The Federal Anti-monopoly Service of Russia (FAS) has prepared a draft federal law*, which amends the Civil Code to legalise parallel imports into Russia. The amendments will come into force in 2021 and allow the Russian government to authorise the import of certain types of goods without the permission of the owner of the brand for up to five years.
The term “parallel imports” means the free importation into Russia of original and trademarked products without the permission of the trademark owner. In this case, goods are imported not by the rights holder, its authorised importers or official distributors, but by other entities or individuals. According to current Russian legislation, parallel imports are considered a violation of trademark exclusive rights and are not allowed.
The FAS has long been trying to change this principle. Back in 2016, representatives of the anti-monopoly authority declared* that they were planning to legalise parallel imports for certain categories of goods, such as pharmaceuticals, car parts, children’s products and others. In the summer of 2017, the FAS continued to work in this area and issued warnings* to well-known carmakers for unreasonably restricting the importation of goods under their brands by entrepreneurs who were not their official dealers. These restrictions were found to be a violation of anti-monopoly laws.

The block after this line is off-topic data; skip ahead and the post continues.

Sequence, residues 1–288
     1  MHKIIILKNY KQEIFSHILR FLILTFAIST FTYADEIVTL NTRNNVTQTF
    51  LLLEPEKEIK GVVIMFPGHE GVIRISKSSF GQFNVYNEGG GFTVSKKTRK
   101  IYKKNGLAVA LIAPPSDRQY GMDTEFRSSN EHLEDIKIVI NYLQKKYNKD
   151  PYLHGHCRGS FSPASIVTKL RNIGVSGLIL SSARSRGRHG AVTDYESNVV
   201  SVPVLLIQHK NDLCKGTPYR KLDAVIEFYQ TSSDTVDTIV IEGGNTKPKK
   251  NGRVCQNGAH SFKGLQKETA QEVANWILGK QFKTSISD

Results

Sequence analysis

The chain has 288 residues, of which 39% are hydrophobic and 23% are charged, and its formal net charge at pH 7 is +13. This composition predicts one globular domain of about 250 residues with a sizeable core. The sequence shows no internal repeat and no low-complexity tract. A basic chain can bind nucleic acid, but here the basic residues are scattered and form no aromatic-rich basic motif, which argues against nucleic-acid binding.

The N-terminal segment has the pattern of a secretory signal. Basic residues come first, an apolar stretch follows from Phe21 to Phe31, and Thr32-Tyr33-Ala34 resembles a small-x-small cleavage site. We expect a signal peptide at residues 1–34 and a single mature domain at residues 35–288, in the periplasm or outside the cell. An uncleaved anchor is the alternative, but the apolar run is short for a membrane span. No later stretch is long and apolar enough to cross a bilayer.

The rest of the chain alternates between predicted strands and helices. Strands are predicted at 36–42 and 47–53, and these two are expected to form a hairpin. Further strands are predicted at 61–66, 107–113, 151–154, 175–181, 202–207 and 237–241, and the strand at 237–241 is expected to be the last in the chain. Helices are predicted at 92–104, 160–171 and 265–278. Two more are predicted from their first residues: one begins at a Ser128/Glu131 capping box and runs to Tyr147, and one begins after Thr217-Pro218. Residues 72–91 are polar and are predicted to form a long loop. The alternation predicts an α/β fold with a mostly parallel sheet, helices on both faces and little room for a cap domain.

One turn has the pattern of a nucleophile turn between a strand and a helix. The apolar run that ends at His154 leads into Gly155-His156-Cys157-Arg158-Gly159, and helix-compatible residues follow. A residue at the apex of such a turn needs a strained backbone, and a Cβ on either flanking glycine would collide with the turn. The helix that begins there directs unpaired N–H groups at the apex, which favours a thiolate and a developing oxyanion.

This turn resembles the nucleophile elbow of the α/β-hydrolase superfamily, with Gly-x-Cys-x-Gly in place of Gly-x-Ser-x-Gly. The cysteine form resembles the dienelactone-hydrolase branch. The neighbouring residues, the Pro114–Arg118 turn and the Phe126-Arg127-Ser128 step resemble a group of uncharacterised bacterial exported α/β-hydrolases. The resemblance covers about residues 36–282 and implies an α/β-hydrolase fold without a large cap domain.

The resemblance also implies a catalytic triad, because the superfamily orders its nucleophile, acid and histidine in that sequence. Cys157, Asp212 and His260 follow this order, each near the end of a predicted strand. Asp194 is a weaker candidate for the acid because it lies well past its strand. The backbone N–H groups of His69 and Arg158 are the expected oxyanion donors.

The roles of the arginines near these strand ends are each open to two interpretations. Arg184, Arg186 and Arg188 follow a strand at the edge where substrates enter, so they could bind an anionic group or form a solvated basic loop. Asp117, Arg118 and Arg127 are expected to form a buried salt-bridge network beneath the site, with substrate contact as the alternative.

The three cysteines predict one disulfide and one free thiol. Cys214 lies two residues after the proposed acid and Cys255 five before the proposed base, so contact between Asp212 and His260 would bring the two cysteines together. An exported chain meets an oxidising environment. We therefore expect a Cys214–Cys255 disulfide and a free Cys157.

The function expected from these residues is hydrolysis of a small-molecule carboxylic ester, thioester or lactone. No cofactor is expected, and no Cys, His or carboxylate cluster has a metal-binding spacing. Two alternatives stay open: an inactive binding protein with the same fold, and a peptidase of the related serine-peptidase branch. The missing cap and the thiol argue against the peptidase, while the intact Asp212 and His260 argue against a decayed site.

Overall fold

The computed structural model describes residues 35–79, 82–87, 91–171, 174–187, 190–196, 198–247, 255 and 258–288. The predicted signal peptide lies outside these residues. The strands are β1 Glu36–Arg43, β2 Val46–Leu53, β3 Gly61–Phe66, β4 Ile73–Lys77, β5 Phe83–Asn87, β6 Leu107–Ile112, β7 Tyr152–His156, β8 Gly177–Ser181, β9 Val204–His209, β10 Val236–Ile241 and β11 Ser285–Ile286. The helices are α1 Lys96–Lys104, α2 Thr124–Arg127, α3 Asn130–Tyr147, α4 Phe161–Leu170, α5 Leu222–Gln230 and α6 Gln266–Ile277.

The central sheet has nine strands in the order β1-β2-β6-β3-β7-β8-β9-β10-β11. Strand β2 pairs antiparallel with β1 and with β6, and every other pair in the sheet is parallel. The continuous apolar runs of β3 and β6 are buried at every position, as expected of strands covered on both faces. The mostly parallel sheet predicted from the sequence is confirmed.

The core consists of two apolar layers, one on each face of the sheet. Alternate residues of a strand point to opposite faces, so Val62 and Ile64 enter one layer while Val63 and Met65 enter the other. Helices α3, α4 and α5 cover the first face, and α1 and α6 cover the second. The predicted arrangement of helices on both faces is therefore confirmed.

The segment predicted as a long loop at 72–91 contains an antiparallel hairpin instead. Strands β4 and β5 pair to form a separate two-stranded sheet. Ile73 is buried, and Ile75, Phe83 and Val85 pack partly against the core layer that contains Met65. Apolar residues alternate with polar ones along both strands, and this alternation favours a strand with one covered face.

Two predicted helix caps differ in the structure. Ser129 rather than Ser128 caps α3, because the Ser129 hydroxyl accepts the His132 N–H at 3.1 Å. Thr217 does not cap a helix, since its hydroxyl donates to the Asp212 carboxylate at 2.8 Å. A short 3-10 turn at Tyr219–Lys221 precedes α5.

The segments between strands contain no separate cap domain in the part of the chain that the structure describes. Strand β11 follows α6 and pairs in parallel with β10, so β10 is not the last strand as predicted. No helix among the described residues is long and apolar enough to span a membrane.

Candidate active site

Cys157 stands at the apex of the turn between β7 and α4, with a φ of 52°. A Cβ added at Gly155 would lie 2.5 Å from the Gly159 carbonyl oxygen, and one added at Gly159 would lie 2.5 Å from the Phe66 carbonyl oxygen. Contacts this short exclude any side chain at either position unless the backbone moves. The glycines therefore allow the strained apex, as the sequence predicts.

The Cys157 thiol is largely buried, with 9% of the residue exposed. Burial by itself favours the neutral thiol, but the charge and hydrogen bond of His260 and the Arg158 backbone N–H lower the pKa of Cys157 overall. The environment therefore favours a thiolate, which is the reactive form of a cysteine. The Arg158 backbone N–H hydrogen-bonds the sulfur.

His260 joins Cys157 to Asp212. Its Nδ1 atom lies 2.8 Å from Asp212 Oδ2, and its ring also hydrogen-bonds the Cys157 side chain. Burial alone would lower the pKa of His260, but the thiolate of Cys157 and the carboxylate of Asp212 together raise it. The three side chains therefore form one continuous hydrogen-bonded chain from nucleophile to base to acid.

In February 2018, the Russian Constitutional Court actually authorised* the importation of original goods without the consent of a rights owner under certain conditions, such as if the rights owner abuses its exclusivity in respect of a trademark by imposing restrictions on the importation of goods into the Russian market, or deliberately and unreasonably overprices its products.
In accordance with the new bill, from 1 January 2021 the Russian government will have the right to temporarily permit the import of certain categories of goods for a maximum of five years. Currently, it is not known which categories of goods will fall within the scope of the regime of temporary parallel imports.
However, the bill already provides for four situations in which the Russian government will be able to allow temporary parallel imports:
- if goods are not available on the Russian market;
- if imported goods are available on the market, but their quantity is insufficient;
- if the quality of goods available in Russia differs from that of similar goods sold abroad; or
- if imported goods are sold in Russia at inflated prices.
Rights owners should bear in mind the current trend under which parallel imports into Russia could be legalised. It is advisable to keep an eye on legislative initiatives in this field and adjust corporate policies regarding the import of products into the Russian market in light of the anticipated legal developments. CMS Russia will continue to monitor and report on legislative initiatives in this area.